Pregnancy accommodation bill heads to full Senate for action

Sen. Ron Alting, R-Lafayette, calls his bill requiring reasonable accommodations for pregnant employees “common sense.”

Legislation that would require employers to provide reasonable accommodations for pregnant or breastfeeding women in the workplace advances to the full Senate after a committee approved the bill Monday.

Senate Bill 342, authored by Sen. Ron Alting, R-Lafayette, passed the Family and Child Services Committee by a 7-2 vote over the objections of the Indiana Chamber of Commerce. The bill requires that employers with 15 or more employees provide reasonable accommodations when requested unless it places an undue hardship on the employer.

Alting, in his testimony, noted that Indiana currently ranks third in the nation on maternal mortality and seventh in the nation in infant mortality.

Some of the accommodations listed in the bill include more frequent and longer breaks, unpaid time off, a seat to sit when needed and temporary transfer to a less hazardous working condition.

“You will see numerous, numerous letters of support from a variety of organizations for this bill,” Alting said, “including Mitch Daniels who never ever gives a comment under legislation. He was the most pro-business governor the state of Indiana could ever have.”

Susan Brock Williams of Purdue University read a letter from former Gov. Mitch Daniels urging lawmakers to approve the legislation. She noted that Daniels, now president of Purdue, has rarely weighed in on legislation since leaving the governor’s office.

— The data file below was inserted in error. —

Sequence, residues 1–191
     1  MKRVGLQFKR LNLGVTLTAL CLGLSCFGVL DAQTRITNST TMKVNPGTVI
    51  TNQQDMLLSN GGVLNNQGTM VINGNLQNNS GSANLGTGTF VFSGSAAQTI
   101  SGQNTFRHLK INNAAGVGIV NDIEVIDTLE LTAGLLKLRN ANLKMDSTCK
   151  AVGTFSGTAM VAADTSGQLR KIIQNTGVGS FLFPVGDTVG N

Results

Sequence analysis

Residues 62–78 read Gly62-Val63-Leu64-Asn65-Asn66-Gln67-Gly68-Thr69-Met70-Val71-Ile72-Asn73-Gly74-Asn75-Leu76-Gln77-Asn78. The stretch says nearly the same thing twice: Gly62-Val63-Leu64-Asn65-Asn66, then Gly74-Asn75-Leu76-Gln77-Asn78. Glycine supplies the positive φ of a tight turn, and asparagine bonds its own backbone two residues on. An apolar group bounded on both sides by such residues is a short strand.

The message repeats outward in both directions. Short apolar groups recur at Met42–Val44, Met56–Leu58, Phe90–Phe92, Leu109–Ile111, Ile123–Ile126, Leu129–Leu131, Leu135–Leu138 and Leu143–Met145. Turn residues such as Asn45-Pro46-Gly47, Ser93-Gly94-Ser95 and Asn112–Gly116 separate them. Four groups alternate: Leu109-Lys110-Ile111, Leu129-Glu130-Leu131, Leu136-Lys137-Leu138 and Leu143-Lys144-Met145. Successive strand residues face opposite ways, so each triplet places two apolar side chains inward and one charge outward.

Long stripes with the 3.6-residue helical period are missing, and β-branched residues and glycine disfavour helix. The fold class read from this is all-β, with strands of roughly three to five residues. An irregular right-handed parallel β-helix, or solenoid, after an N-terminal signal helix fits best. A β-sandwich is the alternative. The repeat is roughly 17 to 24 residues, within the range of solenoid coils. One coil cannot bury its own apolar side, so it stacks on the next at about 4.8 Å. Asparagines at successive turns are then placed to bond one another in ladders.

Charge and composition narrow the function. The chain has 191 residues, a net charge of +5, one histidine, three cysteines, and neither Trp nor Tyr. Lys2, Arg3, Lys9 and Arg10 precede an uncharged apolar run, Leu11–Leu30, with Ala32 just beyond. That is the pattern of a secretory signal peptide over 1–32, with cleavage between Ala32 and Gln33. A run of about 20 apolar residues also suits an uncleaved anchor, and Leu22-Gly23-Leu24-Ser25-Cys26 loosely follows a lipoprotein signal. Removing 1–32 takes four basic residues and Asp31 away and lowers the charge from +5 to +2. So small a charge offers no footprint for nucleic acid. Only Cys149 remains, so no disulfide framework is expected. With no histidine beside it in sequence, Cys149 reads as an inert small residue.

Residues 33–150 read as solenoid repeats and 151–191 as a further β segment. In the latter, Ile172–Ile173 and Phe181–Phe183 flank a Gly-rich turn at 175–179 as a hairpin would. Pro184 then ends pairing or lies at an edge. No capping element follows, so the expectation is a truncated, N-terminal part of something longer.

“Despite the tremendous progress Indiana has made in the past decade and a half, our state continues to rank near the top in the number of deaths for mothers and their infant children during and post childbirth,” Williams read from Daniels’ letter. “Purdue encourages the General Assembly to pass SB 342 and continue our state’s progress in supporting healthy mothers and families.”

But Mike Ripley of the Indiana Chamber of Commerce said his organization is not contesting the importance of the legislation, but members are worried about the impact on small businesses.

“Many of our employers that are larger employers and have significant resources are already doing this,” Ripley said. “And they should be. They should be doing the things in this bill… What I want you to realize, this bill the way it’s written, large employers ought to be doing it currently because they have the resources to do so.”

SB 342 has the support of the Gov. Eric Holcomb and members of his administration. Dr. Kristina Box, the state’s health commissioner, and Dr. Jennifer Sullivan, secretary of the Family and Social Services Administration, testified in favor of the bill.

Haley Carney is a reporter with, a news website powered by Franklin College journalism students.

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